"Months of isolation has meant we have not been able to see our nearest and dearest so there's been missed conversation, human contact and quality time together; a holiday away together is the perfect antidote to reconnect with loved ones from all generations.”
Hiring the whole hotel offers freedom and flexibility and allows families and friends to reconnect without stepping on each others' toes. It can be more cost effective than one might think too, provided the price is split between a large group, with a range of hotels offering discounts for stays over a certain number of nights.
Regardless, Collins believes it's a price guests are willing to pay for peace of mind. "Guests want to know that the space is their own and that they can fully relax with no need for a face mask and social distancing," he says. "We've also seen that guests are willing to pay more to guarantee complete exclusivity."
But while the overriding draws seem to be privacy and reconnection for multigenerational families, Velaa's general manager says suppliers should be mindful of the evolving needs of such clients in resort, too. "We have seen an increased desire for holidays to include a fitness and wellness component, which indicates an emerging trend for large groups and families trying to reconnect, while taking a greater interest in their wellbeing," he says.
So where to go? Whether it's the 67-suite Finca Cortesin in Spain, home to its own golf course and beach club, or Amanwana, a natural paradise on the island of Moyo in Indonesia, myriad hotels are now available to rent in their entirety.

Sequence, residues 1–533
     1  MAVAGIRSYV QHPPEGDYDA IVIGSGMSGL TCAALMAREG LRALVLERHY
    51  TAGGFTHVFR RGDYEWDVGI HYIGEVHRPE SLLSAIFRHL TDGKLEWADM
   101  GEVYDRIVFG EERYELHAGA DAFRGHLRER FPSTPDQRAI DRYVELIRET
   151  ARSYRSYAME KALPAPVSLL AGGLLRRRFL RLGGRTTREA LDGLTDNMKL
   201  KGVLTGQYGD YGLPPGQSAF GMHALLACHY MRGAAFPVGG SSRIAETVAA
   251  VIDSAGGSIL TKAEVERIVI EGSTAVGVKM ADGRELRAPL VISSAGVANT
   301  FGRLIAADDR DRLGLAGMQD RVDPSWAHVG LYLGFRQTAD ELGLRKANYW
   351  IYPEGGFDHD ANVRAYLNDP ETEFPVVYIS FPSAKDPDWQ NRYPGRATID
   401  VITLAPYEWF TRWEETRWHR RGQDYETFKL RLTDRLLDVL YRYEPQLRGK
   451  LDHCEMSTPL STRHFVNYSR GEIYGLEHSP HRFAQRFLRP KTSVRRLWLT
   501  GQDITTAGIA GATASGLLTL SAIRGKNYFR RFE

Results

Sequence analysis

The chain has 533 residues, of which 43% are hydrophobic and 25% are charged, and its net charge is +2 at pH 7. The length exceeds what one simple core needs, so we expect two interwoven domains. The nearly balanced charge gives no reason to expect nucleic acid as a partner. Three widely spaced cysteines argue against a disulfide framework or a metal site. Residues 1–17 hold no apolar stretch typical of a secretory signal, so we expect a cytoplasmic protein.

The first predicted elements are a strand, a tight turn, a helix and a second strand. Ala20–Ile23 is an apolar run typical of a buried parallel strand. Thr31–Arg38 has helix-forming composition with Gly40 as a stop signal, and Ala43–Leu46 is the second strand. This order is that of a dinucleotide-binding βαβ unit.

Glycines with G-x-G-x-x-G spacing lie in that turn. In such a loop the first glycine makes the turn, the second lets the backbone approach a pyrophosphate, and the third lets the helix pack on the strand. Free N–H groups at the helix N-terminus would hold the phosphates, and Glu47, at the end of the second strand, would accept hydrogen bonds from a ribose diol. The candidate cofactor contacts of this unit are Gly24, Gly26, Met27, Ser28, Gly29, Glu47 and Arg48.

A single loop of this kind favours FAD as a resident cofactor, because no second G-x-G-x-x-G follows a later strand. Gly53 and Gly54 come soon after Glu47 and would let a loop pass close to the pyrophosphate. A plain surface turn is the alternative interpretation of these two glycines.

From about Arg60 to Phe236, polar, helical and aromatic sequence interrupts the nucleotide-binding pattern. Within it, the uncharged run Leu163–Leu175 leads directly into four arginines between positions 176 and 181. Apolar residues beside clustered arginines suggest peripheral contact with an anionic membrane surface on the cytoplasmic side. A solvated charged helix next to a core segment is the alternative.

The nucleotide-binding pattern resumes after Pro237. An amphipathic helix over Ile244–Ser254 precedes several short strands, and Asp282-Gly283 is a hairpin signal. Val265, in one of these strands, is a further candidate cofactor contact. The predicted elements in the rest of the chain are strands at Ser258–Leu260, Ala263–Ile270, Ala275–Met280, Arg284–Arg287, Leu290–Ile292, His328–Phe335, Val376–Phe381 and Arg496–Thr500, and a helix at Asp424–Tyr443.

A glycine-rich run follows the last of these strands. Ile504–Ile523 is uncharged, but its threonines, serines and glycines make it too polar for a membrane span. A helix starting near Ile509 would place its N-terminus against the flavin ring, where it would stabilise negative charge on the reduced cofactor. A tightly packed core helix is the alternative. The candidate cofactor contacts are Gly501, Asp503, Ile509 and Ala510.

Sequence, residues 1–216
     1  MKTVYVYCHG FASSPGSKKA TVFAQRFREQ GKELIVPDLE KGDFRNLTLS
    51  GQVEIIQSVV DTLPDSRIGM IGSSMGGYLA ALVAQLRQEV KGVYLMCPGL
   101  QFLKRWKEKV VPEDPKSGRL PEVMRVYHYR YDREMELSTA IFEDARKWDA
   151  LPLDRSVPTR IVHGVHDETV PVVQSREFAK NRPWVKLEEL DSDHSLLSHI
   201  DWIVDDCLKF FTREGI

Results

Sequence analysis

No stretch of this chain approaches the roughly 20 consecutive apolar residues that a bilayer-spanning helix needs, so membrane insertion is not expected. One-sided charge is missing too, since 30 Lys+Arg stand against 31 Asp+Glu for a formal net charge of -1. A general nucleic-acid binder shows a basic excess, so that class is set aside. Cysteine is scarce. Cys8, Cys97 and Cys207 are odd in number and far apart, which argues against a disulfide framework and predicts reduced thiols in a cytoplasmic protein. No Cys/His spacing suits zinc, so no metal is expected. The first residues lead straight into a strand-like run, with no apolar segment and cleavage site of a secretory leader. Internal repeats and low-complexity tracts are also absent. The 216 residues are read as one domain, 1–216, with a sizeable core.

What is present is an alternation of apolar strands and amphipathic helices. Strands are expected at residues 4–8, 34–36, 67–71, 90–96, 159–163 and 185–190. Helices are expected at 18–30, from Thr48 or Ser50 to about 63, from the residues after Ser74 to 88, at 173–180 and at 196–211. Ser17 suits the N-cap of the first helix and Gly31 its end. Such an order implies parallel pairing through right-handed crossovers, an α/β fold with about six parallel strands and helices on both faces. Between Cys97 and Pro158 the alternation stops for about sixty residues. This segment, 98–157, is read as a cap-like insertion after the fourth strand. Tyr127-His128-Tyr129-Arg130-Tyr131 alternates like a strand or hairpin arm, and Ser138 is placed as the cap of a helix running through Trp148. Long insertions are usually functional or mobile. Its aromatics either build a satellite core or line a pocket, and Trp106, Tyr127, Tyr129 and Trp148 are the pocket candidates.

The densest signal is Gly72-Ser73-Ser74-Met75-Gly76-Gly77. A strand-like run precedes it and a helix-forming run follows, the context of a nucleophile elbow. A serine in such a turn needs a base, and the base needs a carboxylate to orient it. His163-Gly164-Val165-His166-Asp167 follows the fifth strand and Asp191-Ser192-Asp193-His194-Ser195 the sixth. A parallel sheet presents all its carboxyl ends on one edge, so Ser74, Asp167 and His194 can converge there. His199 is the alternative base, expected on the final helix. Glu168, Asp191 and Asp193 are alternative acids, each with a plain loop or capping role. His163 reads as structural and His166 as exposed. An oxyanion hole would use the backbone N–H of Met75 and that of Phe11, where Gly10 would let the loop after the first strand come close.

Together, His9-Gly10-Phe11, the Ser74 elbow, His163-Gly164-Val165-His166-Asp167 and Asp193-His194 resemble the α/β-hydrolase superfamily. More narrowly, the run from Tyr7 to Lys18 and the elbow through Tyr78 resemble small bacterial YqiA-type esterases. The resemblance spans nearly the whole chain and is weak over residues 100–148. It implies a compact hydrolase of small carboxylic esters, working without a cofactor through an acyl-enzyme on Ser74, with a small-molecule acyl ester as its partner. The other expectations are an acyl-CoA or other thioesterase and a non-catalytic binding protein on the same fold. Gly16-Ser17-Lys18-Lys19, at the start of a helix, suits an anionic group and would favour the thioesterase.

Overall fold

Opt for Panama's off-grid archipelago Isla Secas, boasting 14 islands, marine wildlife and wild flora and fauna, or Mexico's discreet Hotel Esencia, originally built for Italian royalty and enveloped by verdant jungle on the Riviera Maya.
Amid the desert plains and rugged landscapes of Namibia, guests can book Zannier Hotels' Omaanda and Sonop properties, each home to 10 luxury tents and all the amenities you could wish for, such as outdoor swimming pools, cocktail lounges, pool bars and spas. Sonop even has its own private runway.
In Italy, an exclusive takeover of one of the Amalfi Coast's most sought-after hotels, Monastero Santa Rosa Hotel & Spa, means having free rein of its Michelin-starred restaurant, famous 'floating' infinity pool, 12th-century chapel and award-winning spa.
As managing partner Nathan Sharma summarises: "Now more than ever, travel is hinged on maximising quality time together in special, secluded surroundings." And it doesn't get more special or secluded than having the whole place to yourself.
Ask the expert
Alison McDermott, Executive director of global merchandising and marketing for preferred resorts and hotels
Although not a new concept for the ultra-wealthy and celebrities, the pandemic has created a new demand for buyouts among a much wider pool of budgets and group sizes. Hotel buyouts are experiencing an exciting renaissance and fast becoming the next trend to watch in the hospitality space.
We foresee them having a continued boom, and not just for leisure stays, but also for business travellers globally. Since launching our Where Next? Buyouts campaign in July, we have received a range of long-term enquiries for domestic and international buyouts, predominantly from the US market so far.
Our main goal is to provide guests with unique opportunities to buy and travel differently, and to help them create new memories with loved ones when the time is right for them.